AeroPoints™, Propeller’s smart ground control points, were designed to be used in five different ways. Below, we break down how to use AeroPoints in a variety of scenarios. Use this guide to develop a drone surveying workflow that suits you the best.
Please note that option one (using within Propeller Corrections Network coverage) is encouraged wherever possible. Also, for each method there are differing logging and placement requirements that should be adhered to.
Propeller has an extensive corrections network in many countries. And it continues to expand—all the time. As more drone teams around the globe start using smart ground control points, our network becomes more and more widespread.
Automated processing is definitely the best way to use the AeroPoints. It ensures you have shorter turnaround time and enjoy all the efficiency benefits AeroPoints can provide. (Let us know if you’re not on the map today—we’re expanding our coverage network every week.)
(We strongly recommend collecting the AeroPoints in reverse order for all methods to get the best possible result.)
We can use RINEX formatted GNSS observations for the period of your survey as the reference point.
Note that the RINEX file must contain an accurate location for the base, measurement method, the antenna type and height in the header. This information will be used to calibrate your AeroPoints.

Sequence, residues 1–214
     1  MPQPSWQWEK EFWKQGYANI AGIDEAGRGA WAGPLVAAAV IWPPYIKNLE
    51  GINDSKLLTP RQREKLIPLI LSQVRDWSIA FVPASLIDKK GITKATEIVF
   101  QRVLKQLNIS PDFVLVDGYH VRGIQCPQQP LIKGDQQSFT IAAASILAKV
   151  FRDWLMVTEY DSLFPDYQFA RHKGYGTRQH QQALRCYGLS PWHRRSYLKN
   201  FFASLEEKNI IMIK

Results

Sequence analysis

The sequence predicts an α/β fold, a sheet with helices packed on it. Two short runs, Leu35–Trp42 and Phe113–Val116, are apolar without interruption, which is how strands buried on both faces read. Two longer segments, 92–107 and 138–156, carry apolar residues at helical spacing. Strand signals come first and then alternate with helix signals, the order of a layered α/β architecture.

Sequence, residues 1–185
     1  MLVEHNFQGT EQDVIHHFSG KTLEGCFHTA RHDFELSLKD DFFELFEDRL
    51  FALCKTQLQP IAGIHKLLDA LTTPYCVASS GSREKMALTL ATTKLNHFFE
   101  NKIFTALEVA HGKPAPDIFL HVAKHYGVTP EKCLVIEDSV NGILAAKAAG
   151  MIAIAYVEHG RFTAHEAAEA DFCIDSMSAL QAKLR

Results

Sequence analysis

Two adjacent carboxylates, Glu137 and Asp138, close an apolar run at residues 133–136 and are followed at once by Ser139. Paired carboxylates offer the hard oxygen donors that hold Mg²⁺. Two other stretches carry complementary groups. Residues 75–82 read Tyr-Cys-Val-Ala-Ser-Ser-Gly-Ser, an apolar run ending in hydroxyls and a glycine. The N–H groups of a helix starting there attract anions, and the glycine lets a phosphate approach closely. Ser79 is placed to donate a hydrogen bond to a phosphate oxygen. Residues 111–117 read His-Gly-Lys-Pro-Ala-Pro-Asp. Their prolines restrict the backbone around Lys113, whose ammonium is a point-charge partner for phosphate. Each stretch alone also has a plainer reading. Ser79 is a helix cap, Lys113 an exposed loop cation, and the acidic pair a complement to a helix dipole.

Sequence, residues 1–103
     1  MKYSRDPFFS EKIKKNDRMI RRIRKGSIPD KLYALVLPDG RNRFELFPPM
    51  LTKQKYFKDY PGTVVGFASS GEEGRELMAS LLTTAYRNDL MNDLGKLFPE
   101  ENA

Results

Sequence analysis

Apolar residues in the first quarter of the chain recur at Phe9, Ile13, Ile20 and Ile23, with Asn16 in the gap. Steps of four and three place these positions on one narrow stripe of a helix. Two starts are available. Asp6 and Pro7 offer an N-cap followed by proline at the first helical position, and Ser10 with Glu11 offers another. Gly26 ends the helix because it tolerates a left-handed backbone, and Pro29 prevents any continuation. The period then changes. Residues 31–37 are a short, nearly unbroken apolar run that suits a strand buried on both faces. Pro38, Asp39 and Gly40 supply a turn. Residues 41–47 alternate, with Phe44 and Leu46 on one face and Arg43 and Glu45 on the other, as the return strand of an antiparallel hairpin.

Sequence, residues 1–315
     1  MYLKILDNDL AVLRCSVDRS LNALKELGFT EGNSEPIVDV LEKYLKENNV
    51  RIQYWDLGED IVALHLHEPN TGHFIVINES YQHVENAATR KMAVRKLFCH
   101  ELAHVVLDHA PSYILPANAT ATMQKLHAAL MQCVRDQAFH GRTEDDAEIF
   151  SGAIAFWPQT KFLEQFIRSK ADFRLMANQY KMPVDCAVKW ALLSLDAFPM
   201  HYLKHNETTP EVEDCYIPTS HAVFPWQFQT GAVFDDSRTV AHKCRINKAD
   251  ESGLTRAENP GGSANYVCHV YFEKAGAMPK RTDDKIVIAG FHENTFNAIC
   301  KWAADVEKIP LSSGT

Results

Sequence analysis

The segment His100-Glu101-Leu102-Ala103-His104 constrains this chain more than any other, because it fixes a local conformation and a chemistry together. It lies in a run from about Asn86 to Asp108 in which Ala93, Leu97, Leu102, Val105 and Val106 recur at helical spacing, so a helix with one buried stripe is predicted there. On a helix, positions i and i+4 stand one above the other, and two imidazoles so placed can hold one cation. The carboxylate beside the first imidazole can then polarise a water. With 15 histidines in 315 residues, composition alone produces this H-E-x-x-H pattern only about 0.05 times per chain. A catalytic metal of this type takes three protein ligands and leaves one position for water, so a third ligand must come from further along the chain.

You can place one of the AeroPoints at a known survey mark or benchmark location. It needs to be activated for the duration of the survey. We can then use this AeroPoint, combined with the known coordinates of that mark, as the reference point for the other AeroPoints in the survey.
Note: the first AeroPoint unit that you place must be on the known mark.
If there are no known marks, the accuracy of your data globally will be reduced. However, you can still use AeroPoints to get results that line up with each other over time.
Find somewhere recognizable that won’t move. Use that space to establish your own “mark.” The first time, we’ll calculate an estimated point, accurate to 50cm. After that, treat the coordinate as a “known mark.” You’ll need to place the AeroPoint on this exact mark each time.
To calculate an estimated point, the unit being used as a “known mark” should be placed first and have at least two hours of logging time.
If your site has a local grid, you can set it up in Propeller using your site calibration data. Then, process your AeroPoints with the Local Site Survey Benchmark correction method. This will yield coordinates in your site’s local system.
Below is a table comparing accuracy and time requirements for these different methods:
Visit our AeroPoints page to learn more about smart ground control technology.
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